JavaScript undefined vs. null

I was reading a modern, popular book on JavaScript last night and was disappointed by the handling of null. The author started out doing a lot of checking like:

if (foo == null) {   alert('foo is not set.'); }

Then told the reader that they could just remove the == null because javascript knows you mean "== null"

What?! This isn't why you don't check for equality with null. It's because foo == null doesn't even remotely do what most people think it does in this context.

It's a commonly held belief that uninitialized properties in JavaScript are set to null as default values. People believe this mostly for 2 reasons: 1) foo == null returns true if foo is undefined and 2) authors don't teach JavaScript properly.

A property, when it has no definition, is undefined. Put that way, it's pretty obvious.

null is an object. It's type is null. undefined is not an object, it's type is undefined. That part is less obvious.

The real trouble is that == does type coercion. === checks for both type and value and is the most intuitive form of equality in JavaScript, in my opinion.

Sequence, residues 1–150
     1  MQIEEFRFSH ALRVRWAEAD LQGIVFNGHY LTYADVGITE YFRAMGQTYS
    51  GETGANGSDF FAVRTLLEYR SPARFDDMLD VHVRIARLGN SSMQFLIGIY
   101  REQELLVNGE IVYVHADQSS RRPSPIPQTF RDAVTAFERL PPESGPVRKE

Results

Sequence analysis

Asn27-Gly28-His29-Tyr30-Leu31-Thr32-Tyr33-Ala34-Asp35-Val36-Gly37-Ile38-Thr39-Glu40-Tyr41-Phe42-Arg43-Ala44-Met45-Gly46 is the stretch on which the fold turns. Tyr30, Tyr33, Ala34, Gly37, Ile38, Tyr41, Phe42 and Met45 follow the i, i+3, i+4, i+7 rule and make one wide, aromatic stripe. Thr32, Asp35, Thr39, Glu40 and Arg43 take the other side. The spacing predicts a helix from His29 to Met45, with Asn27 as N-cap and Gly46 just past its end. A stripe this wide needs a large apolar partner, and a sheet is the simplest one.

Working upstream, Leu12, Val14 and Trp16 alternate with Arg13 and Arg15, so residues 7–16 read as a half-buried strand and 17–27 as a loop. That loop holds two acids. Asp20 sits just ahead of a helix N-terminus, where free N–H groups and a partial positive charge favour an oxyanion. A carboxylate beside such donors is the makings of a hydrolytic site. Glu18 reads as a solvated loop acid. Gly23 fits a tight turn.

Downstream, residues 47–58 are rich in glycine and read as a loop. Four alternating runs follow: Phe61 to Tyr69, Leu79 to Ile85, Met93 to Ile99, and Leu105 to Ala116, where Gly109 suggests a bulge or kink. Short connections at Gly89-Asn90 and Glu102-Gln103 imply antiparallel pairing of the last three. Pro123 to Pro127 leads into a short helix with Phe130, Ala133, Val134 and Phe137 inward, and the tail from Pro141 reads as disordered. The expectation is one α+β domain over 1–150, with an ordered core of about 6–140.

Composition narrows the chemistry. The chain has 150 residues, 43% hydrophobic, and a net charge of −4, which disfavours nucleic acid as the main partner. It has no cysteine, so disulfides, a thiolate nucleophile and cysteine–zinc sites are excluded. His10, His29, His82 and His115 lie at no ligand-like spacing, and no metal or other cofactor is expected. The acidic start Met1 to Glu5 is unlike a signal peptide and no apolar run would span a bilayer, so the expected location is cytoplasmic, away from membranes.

I fired up a Jash console to hopefully clear things up for you.

    >> window.hello
    >> window.hello.something
    window.hello has no properties
    >> window.hello == null
    >> window.hello === null
    >> window.hello === undefined
    >> if (window.hello) { alert('truthy'); } else { alert('falsy'); } // will print falsy.
    >> window.hello == undefined
    >> null == undefined
    true // there's the rub, sir.
    >> null
    >> undefined
    >> typeof null
    >> typeof undefined

So people write

    if (foo == null) {
       foo = "Joe";
When what they really mean is
    if (!foo) {
       foo = "Joe";
If you find yourself with a lot of null checks in your JavaScript, set aside some time and watch Douglas Crockford's "The JavaScript Programming Language" talk on Yahoo Video. It's part 1 of a 3-part series of excellent and enlightening talks.

# — 17 February, 2008